Is there a tutorial on how to check the rear for babbitt thrust washers?
Would these washers not have come with the car from the factory?
I take it that not having these washers is a safety issue?
Are there pictures or videos that show what to check for?
I have little to no mechanical knowledge, but am hell-bent on learning some!
Let me be the first to post this
Thank you Cameron and Larry!
Where can I get the replacement washers?
Get in touch with one or more of these New Jersey chapters of the MTFCA and MTFCI. It is so good, and a lot of fun, to have other Model t folks to help you along.
I see that Lang's has the brass thrust washers.
All the dealers have them. Birdhaven, Bob's, Chaffin's, Lang's, etc.
If your rebiulding your rearend put brass ones in.
I had one babbit fail doing around 40mph E ticket ride say the least
Behold, the poster child for a babbitt thrust washer ready to blow.
Excellent example, Walter !
Gene I sent you a P/M
I don't think they were necessarily bad in their day, it's just that nobody foresaw the potential degradation. It's the same with old pot metal.
Nobody was supposed to be using these junky old cars this long. If you were to pour new babbitt washers today, they would probably hold up pretty well, but it just doesn't make sense from a labor / dollars standpoint.
Well said Walter. Babbitt washers repeatedly and continually receive major abuse on the forum when in fact they served millions and millions of cars with great service. It's just the usual case of an original part that has greatly exceeded it's service life.
Sometimes you find them in very good shape.
...and sometimes you don't.
Does a PM show up in my email?
I do not see it yet.
Looks like we're neighbors.
yes Gene its suppose to
Gene if you don't receive the next P/M, send me one so I have your e-mail
Walter's post and what Tim brought up are interesting points with Tim's "they served million and millions of cars with great service".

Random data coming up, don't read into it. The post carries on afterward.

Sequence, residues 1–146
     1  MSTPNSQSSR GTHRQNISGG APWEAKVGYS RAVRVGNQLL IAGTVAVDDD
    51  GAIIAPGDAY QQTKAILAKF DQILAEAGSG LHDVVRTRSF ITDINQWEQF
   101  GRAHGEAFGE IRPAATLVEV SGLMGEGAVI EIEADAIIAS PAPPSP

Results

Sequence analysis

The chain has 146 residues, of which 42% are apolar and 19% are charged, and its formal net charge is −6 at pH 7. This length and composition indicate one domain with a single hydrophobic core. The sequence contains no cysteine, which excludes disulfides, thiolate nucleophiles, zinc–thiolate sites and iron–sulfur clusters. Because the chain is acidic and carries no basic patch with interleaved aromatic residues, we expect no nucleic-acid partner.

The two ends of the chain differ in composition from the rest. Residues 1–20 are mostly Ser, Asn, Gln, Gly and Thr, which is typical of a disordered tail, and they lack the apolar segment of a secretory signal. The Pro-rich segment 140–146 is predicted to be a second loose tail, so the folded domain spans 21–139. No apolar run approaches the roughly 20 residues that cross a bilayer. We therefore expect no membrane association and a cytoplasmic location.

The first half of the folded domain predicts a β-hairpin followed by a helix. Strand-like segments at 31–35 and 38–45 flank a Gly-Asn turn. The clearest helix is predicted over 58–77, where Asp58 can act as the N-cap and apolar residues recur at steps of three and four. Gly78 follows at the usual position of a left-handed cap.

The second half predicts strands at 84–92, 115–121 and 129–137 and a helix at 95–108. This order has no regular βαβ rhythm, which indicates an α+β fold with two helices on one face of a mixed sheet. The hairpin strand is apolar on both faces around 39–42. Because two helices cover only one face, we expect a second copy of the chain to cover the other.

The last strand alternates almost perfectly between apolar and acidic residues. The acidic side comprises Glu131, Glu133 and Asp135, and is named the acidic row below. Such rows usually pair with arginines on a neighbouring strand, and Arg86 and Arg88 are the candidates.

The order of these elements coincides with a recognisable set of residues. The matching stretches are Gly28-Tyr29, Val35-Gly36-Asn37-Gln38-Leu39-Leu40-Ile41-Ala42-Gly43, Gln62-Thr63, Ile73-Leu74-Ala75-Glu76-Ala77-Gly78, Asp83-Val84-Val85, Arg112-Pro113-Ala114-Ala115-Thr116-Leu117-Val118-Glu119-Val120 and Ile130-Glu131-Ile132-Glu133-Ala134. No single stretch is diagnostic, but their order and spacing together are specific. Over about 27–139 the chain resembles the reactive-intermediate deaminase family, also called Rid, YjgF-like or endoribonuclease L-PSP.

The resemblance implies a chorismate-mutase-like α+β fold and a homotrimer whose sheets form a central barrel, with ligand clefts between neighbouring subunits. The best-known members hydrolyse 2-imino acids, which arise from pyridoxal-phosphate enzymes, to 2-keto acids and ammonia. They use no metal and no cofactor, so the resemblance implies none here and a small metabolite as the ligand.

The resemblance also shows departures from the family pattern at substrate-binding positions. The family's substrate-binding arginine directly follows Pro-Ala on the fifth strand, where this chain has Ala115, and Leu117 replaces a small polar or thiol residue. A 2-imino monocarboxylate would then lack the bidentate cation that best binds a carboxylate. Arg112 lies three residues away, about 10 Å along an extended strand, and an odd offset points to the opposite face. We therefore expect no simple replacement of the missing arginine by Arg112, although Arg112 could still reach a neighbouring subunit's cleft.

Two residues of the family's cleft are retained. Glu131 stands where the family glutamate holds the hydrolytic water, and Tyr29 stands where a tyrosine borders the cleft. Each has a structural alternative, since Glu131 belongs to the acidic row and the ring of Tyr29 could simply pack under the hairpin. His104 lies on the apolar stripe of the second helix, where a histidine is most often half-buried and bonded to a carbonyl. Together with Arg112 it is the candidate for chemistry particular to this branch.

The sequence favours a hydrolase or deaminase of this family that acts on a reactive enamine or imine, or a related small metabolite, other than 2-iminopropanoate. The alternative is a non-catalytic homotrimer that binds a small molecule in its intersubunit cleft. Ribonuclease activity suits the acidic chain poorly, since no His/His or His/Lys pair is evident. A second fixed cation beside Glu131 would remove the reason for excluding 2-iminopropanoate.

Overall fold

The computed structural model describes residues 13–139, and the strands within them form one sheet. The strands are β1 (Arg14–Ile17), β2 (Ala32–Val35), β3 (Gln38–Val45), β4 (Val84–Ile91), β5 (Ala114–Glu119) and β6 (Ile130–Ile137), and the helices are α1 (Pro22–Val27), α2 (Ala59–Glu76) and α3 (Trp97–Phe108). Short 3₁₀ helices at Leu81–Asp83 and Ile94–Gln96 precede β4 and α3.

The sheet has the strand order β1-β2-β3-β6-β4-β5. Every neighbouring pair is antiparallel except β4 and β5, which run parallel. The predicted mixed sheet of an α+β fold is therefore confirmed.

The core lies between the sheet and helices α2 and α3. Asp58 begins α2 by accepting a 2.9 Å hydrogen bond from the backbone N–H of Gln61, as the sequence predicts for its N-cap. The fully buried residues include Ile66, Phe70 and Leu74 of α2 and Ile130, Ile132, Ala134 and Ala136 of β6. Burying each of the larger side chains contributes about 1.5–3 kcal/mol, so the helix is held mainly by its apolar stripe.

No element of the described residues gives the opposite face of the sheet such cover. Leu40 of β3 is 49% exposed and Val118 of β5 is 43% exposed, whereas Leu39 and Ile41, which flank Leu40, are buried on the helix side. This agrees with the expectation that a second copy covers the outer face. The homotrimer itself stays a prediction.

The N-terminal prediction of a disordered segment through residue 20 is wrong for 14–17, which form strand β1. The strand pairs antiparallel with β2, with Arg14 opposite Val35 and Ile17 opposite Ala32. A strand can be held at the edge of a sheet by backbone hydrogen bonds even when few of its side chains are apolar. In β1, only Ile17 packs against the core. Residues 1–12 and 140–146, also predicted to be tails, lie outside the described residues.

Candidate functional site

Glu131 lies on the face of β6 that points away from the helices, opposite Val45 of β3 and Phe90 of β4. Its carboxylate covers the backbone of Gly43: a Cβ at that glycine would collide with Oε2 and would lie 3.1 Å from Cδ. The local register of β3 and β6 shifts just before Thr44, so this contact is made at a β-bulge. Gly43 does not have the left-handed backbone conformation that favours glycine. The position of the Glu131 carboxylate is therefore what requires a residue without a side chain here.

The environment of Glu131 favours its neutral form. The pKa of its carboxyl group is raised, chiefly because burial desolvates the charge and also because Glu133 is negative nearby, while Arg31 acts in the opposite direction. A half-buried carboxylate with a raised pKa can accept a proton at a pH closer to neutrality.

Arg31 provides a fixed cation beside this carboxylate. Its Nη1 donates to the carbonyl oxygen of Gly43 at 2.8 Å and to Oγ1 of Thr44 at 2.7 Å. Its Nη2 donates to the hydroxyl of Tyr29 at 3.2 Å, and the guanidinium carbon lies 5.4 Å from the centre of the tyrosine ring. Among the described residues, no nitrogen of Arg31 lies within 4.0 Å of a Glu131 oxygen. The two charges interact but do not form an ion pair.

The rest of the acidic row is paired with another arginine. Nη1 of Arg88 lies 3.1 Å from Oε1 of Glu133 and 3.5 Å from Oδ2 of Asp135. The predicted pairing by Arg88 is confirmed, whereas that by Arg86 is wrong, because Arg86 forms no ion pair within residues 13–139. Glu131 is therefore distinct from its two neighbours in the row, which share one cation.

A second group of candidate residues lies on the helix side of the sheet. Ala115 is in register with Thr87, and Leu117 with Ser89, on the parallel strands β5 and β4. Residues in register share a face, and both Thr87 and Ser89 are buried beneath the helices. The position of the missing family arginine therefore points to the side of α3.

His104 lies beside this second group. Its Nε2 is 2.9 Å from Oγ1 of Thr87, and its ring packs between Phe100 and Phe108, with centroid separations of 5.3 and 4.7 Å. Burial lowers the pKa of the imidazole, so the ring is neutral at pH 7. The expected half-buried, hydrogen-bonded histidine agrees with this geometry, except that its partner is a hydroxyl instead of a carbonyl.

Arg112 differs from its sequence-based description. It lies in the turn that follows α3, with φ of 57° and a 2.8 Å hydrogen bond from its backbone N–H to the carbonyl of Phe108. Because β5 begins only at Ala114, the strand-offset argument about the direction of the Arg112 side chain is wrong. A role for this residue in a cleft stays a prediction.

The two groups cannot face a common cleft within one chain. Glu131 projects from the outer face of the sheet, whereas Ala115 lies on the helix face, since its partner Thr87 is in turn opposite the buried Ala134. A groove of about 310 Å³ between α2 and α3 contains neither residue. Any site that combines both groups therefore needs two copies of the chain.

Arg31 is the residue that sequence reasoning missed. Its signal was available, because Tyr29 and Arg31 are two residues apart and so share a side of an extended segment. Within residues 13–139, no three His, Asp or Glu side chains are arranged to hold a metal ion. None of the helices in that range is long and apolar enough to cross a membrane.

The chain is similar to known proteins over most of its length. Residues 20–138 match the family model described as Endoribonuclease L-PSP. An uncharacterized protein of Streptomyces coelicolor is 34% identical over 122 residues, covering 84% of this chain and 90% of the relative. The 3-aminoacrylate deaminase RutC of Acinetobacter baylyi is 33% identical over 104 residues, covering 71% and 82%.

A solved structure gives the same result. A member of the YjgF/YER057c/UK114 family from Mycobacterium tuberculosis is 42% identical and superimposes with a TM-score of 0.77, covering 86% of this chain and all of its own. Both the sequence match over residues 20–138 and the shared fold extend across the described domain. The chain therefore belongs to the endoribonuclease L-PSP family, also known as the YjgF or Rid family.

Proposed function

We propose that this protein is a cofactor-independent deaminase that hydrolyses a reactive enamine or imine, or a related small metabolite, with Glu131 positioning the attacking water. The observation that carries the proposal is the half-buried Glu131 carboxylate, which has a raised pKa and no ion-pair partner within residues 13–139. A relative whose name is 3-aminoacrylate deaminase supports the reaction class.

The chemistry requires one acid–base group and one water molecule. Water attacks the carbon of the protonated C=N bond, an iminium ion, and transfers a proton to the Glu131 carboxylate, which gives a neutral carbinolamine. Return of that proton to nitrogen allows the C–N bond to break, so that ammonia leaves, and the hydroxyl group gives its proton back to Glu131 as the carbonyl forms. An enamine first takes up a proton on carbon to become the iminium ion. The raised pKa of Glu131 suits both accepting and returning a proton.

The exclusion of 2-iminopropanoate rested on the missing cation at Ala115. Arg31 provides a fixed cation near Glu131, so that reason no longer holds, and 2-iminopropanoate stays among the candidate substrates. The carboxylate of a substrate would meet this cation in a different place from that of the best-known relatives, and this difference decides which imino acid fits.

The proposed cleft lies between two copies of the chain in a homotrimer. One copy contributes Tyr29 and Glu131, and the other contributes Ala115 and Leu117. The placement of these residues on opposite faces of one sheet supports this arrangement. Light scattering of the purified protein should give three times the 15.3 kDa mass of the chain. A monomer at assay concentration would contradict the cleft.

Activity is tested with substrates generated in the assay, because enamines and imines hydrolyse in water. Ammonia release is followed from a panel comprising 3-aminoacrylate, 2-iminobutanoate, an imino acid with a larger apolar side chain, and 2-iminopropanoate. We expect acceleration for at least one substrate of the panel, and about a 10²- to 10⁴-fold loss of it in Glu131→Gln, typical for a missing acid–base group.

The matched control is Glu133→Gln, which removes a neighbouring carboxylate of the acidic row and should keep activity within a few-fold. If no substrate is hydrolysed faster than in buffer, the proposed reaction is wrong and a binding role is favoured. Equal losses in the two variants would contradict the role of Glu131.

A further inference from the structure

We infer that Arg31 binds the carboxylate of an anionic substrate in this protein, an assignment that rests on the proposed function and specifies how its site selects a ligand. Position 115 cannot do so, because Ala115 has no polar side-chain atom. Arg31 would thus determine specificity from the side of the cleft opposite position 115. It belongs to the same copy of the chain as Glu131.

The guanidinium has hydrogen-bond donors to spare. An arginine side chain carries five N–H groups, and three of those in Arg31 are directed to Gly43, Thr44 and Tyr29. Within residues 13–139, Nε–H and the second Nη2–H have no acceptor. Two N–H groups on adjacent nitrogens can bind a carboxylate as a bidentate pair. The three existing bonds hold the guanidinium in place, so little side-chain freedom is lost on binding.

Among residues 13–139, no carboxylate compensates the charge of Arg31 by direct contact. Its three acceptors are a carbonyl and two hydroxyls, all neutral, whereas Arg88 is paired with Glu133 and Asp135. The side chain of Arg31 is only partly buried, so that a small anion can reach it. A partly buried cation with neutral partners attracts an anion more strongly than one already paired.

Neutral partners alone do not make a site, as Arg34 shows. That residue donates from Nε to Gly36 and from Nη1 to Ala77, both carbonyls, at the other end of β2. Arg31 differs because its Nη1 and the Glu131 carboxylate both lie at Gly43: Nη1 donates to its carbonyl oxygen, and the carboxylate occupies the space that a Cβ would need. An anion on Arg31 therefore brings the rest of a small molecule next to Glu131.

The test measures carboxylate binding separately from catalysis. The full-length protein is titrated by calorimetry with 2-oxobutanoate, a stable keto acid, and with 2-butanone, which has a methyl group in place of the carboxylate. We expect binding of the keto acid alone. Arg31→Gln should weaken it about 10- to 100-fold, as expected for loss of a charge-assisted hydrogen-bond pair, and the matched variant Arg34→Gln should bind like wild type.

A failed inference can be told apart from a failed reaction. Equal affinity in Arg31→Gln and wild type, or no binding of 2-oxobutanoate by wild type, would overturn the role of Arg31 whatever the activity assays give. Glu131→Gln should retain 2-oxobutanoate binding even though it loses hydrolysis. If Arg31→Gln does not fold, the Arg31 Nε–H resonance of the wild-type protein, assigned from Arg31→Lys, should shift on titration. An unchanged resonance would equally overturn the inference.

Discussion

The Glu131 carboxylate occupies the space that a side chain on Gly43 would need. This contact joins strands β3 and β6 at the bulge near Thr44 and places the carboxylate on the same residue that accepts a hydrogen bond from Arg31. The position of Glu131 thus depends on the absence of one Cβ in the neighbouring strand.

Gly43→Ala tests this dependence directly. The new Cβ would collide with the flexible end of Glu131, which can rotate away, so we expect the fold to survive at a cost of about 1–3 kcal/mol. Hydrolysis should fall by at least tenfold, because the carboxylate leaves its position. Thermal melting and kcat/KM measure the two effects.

Like pot metal of the day. They didn't know the thrust washers would degrade. Nice twist. :-)
Multiply that by the miles driven by all these cars! Millions of miles! With Babbitt thrust washers? :-) Yup.
I pulled the pot metal carb top off a 23 baby Overland earlier this year and the cover disintegrated in my hand. Oops. :-) :-/
Easy going, hearty thrust washers for the rear axle. For awhile...
Shoot, into the late 70's, word was not widespread yet that these Babbitt thrust were not safe to use.
I'm one of the many here that have since found otherwise.
We haven't changed. Those thrust washers were great for the "here and now", then.
Gene, did you order the rear axle repair book yet? It really IS that good. :-)
What Duey said. If you don't have the book, get it. My only quibble is that Glen is impartial about whether to use the stock pinion bearing or the Fun Projects replacement. It's FP for me every time.
The amazing thing to me, is how good some original washers can look, and still be brittle with age. And it "mostly" is an age problem. More than 45 years ago (Criminy! Has it been THAT long?) I was working on my first model T. Some good friends told me it was a "good idea" to replace the Babbitt washers with the new "brass" ones (these people were and since well known for preferring original parts, just not those washers). So, while I had to replace a bad pinion bearing, I replaced the old washers also. After the job was done, I was walking back to the garage with a few tools to be put away and the most beautiful looking original Babbitt washer I have ever seen. While walking, I stumbled slightly in a gopher hole. My hand squeezed a bit, and that nice shiny new looking Babbitt washer snapped into three pieces. Didn't matter how nice it looked. At only fifty years of age, it was far too brittle to be safe. Imagine what another fifty years has done.
Brass (usually bronze technically) replacement washers have been available since the early '10s. Considering some ads from those days I have seen, apparently those Babbitt washers were known to fail more than rarely even when they were only a few years old. Generally, such a failure in those days was not a serious safety issue. Traffic was lighter (mostly), speeds were slower, yet rear end repairs were common. I have seen quite a few original era photos showing a model T, sitting in the road, with the rear end on blocks and apart. I can only wonder what broke? And that was then.